At least I can have peace of mind that if The Big One hits, LM will be ready, willing, and able to drink toilet tank water.

We will be able to save all of the safe water for him, even if the Man I Married and I both survive the initial catastrophe, because we’ll be drinking this:

The Cider Maker
 
 

 
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The Erotica Writer’s Husband and Other Stories by Jennifer D. Munro
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PRAISE FOR JENNIFER D. MUNRO’S SHORT STORIES

“Jennifer D. Munro had me howling with [her] irony…”  —Susie Bright, Best American Erotica Editor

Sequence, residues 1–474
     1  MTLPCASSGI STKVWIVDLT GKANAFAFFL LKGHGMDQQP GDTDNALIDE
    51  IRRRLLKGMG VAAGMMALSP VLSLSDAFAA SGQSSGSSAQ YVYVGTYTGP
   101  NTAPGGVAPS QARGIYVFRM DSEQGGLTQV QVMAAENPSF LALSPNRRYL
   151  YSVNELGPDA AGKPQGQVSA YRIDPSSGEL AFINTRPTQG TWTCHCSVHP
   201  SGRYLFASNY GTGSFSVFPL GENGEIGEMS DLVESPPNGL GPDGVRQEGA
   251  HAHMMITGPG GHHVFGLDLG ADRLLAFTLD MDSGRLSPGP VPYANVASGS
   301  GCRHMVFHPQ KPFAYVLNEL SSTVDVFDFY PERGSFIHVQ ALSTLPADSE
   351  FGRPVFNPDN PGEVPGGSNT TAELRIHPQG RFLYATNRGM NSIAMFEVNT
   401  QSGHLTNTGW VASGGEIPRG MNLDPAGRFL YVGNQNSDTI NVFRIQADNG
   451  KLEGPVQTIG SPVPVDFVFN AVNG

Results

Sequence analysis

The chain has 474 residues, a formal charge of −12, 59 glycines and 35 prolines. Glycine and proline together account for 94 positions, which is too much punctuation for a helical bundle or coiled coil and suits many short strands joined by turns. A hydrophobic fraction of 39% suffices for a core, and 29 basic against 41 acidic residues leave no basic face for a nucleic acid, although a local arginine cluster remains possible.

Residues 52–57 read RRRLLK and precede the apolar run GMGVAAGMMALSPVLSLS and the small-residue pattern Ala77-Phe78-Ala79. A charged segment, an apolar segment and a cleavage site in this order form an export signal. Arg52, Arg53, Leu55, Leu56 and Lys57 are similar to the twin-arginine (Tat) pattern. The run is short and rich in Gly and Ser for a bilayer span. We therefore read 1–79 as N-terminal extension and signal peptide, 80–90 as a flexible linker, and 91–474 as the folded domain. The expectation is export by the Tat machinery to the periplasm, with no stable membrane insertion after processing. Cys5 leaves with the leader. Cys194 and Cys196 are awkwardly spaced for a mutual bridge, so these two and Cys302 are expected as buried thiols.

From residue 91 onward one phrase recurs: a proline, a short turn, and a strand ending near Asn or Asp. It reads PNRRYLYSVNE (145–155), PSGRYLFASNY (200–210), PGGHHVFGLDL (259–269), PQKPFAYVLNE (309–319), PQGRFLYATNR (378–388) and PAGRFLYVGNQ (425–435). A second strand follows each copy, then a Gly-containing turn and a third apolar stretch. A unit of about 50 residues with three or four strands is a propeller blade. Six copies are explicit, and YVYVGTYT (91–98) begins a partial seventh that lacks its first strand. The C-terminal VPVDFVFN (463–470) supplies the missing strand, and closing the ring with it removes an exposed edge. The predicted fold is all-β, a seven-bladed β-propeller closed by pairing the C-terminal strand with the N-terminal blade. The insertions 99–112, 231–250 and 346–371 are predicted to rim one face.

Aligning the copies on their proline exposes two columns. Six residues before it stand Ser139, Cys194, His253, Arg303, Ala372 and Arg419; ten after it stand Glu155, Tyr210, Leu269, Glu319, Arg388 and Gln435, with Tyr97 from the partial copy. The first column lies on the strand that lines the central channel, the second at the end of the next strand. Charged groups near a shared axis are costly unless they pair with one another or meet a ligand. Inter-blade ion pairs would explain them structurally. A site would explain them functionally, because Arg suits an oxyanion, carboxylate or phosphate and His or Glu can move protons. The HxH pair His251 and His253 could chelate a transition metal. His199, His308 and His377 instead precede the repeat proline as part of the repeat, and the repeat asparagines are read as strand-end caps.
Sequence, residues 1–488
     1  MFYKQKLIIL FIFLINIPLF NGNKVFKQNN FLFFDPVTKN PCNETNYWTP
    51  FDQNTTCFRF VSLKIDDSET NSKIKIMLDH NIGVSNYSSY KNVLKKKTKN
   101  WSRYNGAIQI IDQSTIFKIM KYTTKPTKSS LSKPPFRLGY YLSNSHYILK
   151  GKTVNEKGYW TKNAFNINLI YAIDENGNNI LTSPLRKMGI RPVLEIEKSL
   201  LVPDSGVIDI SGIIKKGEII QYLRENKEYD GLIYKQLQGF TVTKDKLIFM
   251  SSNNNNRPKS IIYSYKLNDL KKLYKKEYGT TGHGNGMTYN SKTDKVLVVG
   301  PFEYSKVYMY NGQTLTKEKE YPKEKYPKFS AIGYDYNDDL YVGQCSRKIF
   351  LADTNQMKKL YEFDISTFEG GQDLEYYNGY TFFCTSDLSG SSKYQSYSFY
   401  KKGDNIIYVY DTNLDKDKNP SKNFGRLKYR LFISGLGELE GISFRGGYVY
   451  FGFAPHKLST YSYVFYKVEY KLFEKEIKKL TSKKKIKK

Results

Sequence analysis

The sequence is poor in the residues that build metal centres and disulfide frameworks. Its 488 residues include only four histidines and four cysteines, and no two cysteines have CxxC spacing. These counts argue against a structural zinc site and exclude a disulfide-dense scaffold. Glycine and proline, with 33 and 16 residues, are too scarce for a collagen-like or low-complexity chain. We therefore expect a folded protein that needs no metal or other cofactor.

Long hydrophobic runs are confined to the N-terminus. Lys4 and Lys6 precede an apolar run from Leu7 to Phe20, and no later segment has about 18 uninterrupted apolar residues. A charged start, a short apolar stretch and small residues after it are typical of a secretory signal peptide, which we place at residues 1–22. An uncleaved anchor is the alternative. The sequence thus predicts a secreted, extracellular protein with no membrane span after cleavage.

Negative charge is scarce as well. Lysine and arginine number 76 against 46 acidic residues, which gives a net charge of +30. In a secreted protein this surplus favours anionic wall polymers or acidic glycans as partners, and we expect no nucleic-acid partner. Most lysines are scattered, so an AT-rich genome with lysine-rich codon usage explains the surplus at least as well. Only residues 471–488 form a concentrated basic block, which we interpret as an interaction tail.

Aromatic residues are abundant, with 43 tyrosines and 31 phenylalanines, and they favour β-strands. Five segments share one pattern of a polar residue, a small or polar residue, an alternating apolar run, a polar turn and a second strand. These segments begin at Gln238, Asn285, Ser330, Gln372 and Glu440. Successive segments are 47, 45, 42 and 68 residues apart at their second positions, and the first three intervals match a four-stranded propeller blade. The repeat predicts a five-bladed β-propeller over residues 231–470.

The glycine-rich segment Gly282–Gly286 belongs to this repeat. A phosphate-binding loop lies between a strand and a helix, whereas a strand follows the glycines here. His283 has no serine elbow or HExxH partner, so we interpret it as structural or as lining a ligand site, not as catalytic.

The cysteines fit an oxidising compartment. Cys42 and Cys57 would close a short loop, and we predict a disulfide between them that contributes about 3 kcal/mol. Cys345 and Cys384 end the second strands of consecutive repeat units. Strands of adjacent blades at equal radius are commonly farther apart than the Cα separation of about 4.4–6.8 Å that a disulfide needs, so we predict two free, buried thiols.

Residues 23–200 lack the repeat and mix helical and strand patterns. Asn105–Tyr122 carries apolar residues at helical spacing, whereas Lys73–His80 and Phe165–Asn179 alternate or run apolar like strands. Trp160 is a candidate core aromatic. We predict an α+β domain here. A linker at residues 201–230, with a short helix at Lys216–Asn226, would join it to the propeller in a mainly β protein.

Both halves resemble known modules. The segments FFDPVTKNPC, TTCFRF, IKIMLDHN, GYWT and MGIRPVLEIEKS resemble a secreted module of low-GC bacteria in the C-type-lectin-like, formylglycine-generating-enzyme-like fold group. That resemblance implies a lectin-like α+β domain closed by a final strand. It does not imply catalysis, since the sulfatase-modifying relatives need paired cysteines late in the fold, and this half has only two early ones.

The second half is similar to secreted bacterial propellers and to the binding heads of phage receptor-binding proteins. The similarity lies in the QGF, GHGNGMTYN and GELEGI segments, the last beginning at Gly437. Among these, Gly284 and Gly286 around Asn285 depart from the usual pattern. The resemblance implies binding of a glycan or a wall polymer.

“[I] was fixated. I really laughed out loud (by myself)…”  —Bobbi, Literary Mama Reader

“…marvelously refreshing…”  —CleanSheets

“Munro writes with an honesty and rawness… a brilliant piece of writing…”  —Innsmouth Free Press

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5 thoughts on “The Cider Maker’s Wife

  1. I agree — this is breathtakingly painful but feels important to document. Oddly, I can relate a little bit. As a teacher of community college students, I often have to rein in my judgments and matter-of-factly talk about consequences (“Well, I can see that you have no choice but to go to court because your girlfriend has taken out a restraining order against you, and you will lose some points for not turning in the first draft, but [cheerful smile!] as long as that final draft comes in on time, it shouldn’t matter too much to your overall grade.”)